Number of positive skin tests (mean ± SD) (n = 120)
2.71 ± 2.91
2.89 ± 2.39
2.38 ± 2.77
2.84 ± 3.25
Acute care in the past 3 months [n (%)]
Emergency department visit
Unscheduled doctor visit
Levels of vitamin D measured in this population
Effect of hours spent outdoors on 25-OH vitamin D levels
Effect of season on 25-OH vitamin D levels
Effect of vitamin D levels on asthma indicators
There was a modest, statistically significant inverse correlation between 25-OH D levels and total IgE concentrations (Spearman’s rho = −0.24; p = 0.03). There was no association between 25-OH D levels and atopic status as defined by positive skin testing (p = 0.87), nor was there a significant correlation between 25-OH D level and the number of positive skin tests (Spearman’s rho = −0.0026; p = 0.98). Additionally, there was no association between 25-OH D levels and acute health care visits (Table 1). In multivariate regression models, controlling for age, sex, and education level, asthma symptoms (cough without a cold or flu, cough/wheeze/chest tightness, and occurring with exercise) tended to be reduced with higher 25-OH D levels, though the associations were not significant.
This study demonstrated that 25-OH vitamin D insufficiency is present in the majority of a cohort of urban, preschool-aged inner-city children with asthma. These findings extend those seen in heterogeneous populations of older children [12, 13] to a population of predominantly African-American children 2–6 years of age. Even at this early preschool age, 25-OH D levels were already strikingly below the recommended range, as defined by current guidelines for bone health. Over half (55%) were either insufficient or deficient, and a disturbing proportion of children (7%) in our cohort were at the extreme end of deficiency, with levels as low as those seen with rickets (< 15 ng/mL). The implications of these findings may be even greater in younger cohorts, as it is during early childhood when considerable lung growth is still occurring, and when the respiratory system may be particularly sensitive to nutritional and environmental signals that induce changes in lung function .
Our findings are comparable to the NHANES 2001–2004 study of US children (age 1–21 years), where nine percent of all children had levels less than 15 ng/mL, and sixty-one percent had levels in the range between 15 and 29 ng/mL . In fact, within our defined geographical area of inner city Baltimore, 25-OH D levels are much lower among African-Americans than whites, identifying black preschool children as preferentially at risk for 25-OH D deficiency. Recent recommendations from the Institute of Medicine have challenged the traditional cut-offs for 25-OH D, suggesting that levels above 20 ng/mL instead of 30 ng/mL should be considered sufficient . If we consider that suggested threshold, almost a quarter of subjects in our cohort would still be considered deficient. It is still uncertain what levels constitute sufficiency in asthma and other conditions apart from bone health; nevertheless, regardless of which guidelines are used to determine the optimal 25-OH vitamin D level, our study demonstrates that Baltimore, with one of the highest rates of asthma, is representative of a greater national epidemic of 25-OH D insufficiency in black children.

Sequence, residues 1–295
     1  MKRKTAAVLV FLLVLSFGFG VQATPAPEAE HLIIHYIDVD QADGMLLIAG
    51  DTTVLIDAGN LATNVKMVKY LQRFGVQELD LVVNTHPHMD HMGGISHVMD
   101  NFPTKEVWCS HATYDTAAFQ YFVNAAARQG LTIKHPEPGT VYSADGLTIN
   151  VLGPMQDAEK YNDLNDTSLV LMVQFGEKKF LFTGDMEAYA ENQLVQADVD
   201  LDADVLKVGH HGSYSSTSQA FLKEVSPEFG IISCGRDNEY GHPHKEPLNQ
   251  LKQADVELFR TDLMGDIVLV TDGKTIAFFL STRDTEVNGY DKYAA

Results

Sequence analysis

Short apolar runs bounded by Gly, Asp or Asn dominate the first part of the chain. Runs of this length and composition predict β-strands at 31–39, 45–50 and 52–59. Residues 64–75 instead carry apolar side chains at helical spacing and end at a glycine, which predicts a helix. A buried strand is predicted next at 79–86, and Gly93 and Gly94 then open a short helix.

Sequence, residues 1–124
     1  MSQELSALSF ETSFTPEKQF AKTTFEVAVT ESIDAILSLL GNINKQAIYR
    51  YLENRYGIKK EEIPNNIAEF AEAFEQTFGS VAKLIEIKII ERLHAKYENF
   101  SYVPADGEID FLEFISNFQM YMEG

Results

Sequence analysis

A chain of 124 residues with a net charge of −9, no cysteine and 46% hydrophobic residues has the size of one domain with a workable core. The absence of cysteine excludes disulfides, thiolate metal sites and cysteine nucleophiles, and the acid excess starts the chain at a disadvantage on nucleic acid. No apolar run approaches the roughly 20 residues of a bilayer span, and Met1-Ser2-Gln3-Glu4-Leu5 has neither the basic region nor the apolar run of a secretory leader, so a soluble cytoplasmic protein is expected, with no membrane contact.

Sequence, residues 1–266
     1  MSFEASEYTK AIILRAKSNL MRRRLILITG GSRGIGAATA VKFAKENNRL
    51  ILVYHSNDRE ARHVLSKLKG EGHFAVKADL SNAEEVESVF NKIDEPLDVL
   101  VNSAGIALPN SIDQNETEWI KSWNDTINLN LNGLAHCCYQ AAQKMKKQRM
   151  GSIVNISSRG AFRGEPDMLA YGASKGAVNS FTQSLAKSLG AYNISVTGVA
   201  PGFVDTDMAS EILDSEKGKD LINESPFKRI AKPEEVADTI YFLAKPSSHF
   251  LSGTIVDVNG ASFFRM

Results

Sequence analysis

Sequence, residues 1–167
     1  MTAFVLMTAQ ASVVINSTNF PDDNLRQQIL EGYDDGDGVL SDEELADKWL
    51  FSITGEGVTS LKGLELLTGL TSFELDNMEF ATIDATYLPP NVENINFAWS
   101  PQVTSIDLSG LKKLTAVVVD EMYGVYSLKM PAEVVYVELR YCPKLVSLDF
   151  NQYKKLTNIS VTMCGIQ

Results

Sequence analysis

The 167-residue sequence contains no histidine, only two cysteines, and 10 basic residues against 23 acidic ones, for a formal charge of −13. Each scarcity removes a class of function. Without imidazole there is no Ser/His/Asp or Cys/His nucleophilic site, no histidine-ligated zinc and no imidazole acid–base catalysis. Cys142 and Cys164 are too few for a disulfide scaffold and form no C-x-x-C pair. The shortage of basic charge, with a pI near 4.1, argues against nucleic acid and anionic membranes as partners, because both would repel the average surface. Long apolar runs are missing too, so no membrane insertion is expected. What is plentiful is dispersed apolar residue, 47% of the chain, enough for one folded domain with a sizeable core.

The findings from this study suggest that, although UV light is necessary for dermal vitamin D production, black urban children with asthma appear to be unresponsive to what little daily sunlight they do receive, as higher daily levels of outdoor exposure were not linked to higher 25-OH D. A limited number of other studies have also examined the relationship between sun exposure and 25-OH D, but little attention has been paid to this relationship in children, particularly African-Americans with asthma. Our study is unique in that it investigates this relationship between outdoor exposure and vitamin D status in a predominantly black population of preschool children, a group that includes children with the nation’s highest levels of asthma. In prior studies of healthy people, controlled UVB exposure increased serum 25-OH D in a dose-related manner [26, 27]; however, African-Americans and Caucasians have a notable difference in this dose response. Scragg and Camargo demonstrated that in a racially-mixed population, non-Hispanic blacks had only modest increases in 25-OH D with increasing outdoor activity when compared to the dramatic changes observed in whites, with changes in serum 25-OH D observed only in response to extreme frequencies of outdoor activity (> 31 times in the past month) . Taken with our findings, we conclude that cutaneous synthesis alone during limited outdoor exposure is not sufficient to raise serum levels effectively in black urban children. Exposure to sunlight beyond this range may cross a threshold where 25-OH D production begins to increase, as previous studies have shown that in healthy adults, higher doses of artificial UV are needed in darker-skinned individuals to measurably raise 25-OH D levels, compared those with lighter-skin . However, a true prescription for natural UV exposure to achieve sufficient serum levels in black asthmatic children is yet to be determined.